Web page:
Today marks ten years since Cyclone Yasi crossed the Far Northern coastline – the worst cyclone to ravage the region in almost a hundred years.
Cyclone Yasi made landfall near Mission Beach between midnight and 1am early on Thursday, 3 February 2011, with the Bureau of Meteorology recording gusts of about 285 km/hr.
In the 24 hours prior to the Category 5 system, Cairns Hospital undertook the monumental task of relocating more than 350 patients, staff and their relatives to Brisbane.
To this day, it remains the largest mass medical evacuation ever undertaken in Australian history.
Cairns Hospital emergency physician Dr Paul Cullen, who acted as a Health Incident Controller during the operation, said early indications suggested Yasi had the potential to be catastrophic for Cairns.
“We planned that at the bare minimum, there would be significant disruption to the health service, just because of the cyclonic effects of wind and rain,” he said.
“The real risk was that we were advised there was a significant chance it would make landfall, potentially right over us, possibly at a high tide level.
“(This could have) led to the inundation of several of our buildings, causing them to be inoperable, or even destruction of physical structures.
Dr Cullen said hospital staff were advised this about 24-36 hours out from Yasi’s projected landfall.
“The decision was made to evacuate the hospital – something no one previously foresaw a need to do.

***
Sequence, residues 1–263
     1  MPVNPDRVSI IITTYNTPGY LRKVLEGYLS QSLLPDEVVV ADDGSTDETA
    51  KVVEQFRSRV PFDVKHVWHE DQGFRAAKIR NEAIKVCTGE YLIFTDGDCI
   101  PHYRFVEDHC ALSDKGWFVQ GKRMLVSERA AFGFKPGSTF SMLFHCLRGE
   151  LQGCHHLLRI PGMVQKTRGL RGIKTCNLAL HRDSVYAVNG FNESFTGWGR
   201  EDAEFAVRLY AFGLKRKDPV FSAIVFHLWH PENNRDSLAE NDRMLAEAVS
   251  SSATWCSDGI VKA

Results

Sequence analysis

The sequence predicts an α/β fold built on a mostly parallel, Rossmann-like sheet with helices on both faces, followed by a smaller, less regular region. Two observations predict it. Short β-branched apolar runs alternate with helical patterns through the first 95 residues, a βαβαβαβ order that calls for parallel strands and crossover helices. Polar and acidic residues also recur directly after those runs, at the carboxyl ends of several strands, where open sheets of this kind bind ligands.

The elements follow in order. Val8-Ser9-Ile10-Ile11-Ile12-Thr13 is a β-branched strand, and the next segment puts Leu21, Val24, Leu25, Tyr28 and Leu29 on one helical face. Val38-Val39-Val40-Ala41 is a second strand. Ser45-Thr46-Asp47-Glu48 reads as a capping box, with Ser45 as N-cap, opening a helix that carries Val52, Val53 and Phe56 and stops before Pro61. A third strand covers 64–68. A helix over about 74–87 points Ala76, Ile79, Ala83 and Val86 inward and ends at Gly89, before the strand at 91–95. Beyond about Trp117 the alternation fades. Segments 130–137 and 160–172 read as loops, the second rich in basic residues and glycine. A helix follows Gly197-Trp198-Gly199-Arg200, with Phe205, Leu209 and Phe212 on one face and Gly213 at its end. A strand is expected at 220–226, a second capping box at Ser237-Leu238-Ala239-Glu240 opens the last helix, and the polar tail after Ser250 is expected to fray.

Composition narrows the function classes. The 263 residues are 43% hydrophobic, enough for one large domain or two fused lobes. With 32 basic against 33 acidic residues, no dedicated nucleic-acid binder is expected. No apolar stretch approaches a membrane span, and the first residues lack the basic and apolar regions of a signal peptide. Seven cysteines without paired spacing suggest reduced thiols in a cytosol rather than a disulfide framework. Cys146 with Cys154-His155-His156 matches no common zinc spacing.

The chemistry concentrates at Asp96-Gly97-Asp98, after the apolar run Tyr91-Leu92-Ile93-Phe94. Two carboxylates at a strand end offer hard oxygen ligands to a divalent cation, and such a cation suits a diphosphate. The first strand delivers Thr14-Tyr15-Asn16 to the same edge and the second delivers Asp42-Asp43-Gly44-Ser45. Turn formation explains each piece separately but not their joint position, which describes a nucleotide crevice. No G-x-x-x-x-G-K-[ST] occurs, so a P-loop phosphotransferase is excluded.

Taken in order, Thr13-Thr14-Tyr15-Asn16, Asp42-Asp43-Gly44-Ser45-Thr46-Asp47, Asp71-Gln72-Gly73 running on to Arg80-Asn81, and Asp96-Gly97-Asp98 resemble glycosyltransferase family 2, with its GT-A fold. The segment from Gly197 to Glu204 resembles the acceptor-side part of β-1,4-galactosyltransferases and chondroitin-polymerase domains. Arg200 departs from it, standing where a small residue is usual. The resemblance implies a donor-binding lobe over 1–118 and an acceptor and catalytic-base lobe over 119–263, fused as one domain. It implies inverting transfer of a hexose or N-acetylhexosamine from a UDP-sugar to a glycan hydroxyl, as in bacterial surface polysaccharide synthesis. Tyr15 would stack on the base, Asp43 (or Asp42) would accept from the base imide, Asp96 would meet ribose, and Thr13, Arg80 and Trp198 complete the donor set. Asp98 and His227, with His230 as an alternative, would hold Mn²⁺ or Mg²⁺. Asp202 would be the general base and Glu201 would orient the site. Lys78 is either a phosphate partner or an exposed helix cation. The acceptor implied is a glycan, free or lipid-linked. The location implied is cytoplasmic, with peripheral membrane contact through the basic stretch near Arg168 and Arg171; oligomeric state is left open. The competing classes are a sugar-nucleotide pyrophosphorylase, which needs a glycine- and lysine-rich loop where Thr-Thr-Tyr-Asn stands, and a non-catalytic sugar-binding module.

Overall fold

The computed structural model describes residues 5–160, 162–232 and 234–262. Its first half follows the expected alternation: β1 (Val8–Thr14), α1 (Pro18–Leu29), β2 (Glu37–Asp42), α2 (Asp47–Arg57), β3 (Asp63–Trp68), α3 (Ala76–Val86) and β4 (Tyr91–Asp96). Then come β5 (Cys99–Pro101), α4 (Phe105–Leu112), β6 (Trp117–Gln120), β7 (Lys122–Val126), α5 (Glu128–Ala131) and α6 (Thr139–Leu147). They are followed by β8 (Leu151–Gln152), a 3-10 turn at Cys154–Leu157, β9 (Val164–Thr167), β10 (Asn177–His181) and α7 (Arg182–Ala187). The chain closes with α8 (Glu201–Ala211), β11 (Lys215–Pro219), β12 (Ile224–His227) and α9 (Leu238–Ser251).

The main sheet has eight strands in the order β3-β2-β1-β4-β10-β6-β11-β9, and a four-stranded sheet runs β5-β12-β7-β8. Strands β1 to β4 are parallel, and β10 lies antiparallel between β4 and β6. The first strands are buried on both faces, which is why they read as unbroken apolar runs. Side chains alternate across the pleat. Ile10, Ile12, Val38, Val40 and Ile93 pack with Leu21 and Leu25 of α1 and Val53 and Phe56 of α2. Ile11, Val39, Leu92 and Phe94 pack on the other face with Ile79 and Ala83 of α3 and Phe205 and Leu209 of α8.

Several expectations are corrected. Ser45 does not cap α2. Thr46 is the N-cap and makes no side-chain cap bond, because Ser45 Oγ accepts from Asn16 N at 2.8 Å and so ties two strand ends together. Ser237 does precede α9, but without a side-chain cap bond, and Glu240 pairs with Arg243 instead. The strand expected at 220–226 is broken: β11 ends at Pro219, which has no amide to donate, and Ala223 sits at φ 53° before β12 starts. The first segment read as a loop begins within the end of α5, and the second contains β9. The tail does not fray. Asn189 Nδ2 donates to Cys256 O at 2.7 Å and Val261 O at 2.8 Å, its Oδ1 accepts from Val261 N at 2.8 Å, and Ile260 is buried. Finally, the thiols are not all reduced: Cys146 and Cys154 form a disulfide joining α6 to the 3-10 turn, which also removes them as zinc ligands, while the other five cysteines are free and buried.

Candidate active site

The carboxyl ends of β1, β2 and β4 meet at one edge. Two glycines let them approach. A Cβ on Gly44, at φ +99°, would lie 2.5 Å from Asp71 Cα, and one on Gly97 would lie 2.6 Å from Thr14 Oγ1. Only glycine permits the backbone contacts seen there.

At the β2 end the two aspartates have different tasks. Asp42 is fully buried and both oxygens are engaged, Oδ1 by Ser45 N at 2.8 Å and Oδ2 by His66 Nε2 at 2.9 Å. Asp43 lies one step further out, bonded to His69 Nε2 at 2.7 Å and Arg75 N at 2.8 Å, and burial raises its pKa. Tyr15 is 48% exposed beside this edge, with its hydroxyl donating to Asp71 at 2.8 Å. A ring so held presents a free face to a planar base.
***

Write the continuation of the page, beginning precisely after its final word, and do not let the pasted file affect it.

“What was extraordinary was the way the Health Service staff – along with Ambulance and Police – came together to decommission the Hospital and evacuate all of our patients, including birthing mothers, dialysis patients and mental health clients.”
Trish Smith, currently a nursing director at Cairns Hospital, helped coordinate the makeshift triage centre at Cairns Airport.
Patients were placed onto commercial planes and Royal Australian Air Force aircraft to be flown 1700km south to Brisbane.
“One of the most poignant moments that I can remember was sending a nurse at 7am – who had just finished work after a long night shift – accompanying a patient in the back of an ambulance up to the Tablelands, to house them up there during the cyclone,” Ms Smith said.
“She had to get up there and come back down to the coast to prepare her own home.
“There was this ‘can-do’ nature of the workforce: it was just an extraordinary step not just for Cairns, but for Australia, to evacuate a whole hospital like that.”
A temporary emergency department was also established on higher ground at Fretwell Park, a sporting ground and clubhouse in Bentley Park, south of Cairns.
A baby was born at the makeshift facility – one of three born in the region as the cyclone came ashore.
While Cairns Hospital was left unscathed by the storm, Tully Hospital suffered some damage to the roof of its nurses’ quarters, as well as power and water supply issues.
Tully Hospital remained operational throughout the cyclone, with six patients evacuated to Innisfail Hospital.
Power was out in more than 180,000 homes around the region – with outages lasting several days in many areas – and more than 10,000 people sheltered in 20 evacuation centers.
Although Yasi was one of the largest storms Australia’s experienced in recorded history, only one cyclone-related death was recorded.
A man died while sheltering in his home near Ingham, asphyxiated on generator fumes.
Cardwell, Tully, Mission Beach, Innisfail and many surrounding townships were badly damaged, while Cairns and Townsville dodged the brunt of the cyclone.
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